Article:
If M is a square-integrable martingale,

Another characterization of the elements of M is of particular interest :
Proposition 1.1.9. If M is an adapted rcll process with a terminal variable
Moo, then M is an uniformly integrable martingale if and only if for each
stopping time T, the variable MT is integrable and satisfies lE[MTl = lE[Mol,


1. Weak Convergence of Stochastic Processes

Now, examine the notion of localization of martingales.
Definition 1.1.18. A local martingale (resp. a locally square-integrable
martingale) is a process such that there exists an increasing sequence (Tn)n
of stopping times satisfying: limn Tn = 00 a.s. and every stopped process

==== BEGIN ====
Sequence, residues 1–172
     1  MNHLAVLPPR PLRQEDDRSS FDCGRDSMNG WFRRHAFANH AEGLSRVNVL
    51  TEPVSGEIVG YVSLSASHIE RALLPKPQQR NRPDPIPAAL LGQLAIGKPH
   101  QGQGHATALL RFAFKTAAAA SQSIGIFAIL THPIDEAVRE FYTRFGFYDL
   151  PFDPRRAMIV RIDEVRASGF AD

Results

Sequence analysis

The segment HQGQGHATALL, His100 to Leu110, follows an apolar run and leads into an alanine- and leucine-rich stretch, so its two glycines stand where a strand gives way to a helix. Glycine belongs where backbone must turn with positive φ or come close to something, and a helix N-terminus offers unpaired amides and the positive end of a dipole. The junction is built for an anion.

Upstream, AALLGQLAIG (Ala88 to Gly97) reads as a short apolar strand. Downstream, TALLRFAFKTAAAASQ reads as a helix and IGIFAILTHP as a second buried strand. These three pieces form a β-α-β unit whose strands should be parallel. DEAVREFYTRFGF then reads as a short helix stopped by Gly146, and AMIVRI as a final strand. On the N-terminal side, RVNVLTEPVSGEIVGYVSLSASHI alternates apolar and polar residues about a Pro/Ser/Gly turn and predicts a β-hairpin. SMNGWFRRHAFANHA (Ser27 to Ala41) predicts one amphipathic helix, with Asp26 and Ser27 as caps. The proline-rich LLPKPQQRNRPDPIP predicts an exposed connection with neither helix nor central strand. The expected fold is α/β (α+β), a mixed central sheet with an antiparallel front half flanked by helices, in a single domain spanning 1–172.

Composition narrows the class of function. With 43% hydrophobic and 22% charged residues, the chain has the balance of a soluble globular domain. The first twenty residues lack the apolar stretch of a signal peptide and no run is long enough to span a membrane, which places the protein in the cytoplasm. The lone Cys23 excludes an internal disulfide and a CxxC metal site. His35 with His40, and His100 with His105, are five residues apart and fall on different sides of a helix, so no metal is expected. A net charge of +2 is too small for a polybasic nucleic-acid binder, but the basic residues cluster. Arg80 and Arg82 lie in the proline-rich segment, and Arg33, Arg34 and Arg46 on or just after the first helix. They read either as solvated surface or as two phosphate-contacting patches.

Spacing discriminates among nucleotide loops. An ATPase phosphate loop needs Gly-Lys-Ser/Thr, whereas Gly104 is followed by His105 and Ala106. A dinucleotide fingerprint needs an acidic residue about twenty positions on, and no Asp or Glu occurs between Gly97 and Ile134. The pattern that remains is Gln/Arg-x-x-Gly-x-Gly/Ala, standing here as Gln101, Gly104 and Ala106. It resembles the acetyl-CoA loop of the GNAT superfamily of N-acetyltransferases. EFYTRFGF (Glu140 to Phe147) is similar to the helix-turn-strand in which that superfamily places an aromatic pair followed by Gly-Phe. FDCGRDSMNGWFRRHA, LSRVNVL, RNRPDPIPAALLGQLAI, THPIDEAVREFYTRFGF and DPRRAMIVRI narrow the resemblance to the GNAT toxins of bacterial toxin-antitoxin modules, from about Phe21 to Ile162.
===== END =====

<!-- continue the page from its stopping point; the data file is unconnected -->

XTn is an uniformly integrable martingale (resp. a locally square-integrable
martingale) .
Denote 1{~oc the space of all locally square-integrable martingales.
Definition 1.1.19. A process X is of class (D) if the set of random variables
{XT : T any finite-value stopping time} is uniformly integrable.
Proposition 1.1.10. (Class (D }).
1} Each martingale is a local martingale .
2} Each uniformly integrable martingale is a process of class (D).
3} A local martingale is an uniformly integrable martingale if and only if it
is a process of class (D).
To see the differences between these notions of martingales, examine the
next examples (see Jacod and Shiryaev [214]) :

Example 1.1.1. Let (Zn)n be a sequence of i.i.d. (independent and identically
distributed) random variables such that IP'[Zn = 1] = IP'[Zn = -1] = 1/2.
Consider the filtration F t = a(Zp : p E N*, p:::; t) and let M t = LI:S;P:S;[tJ Zp
where ttl denotes the integer part of t. Then, M is obviously a martingale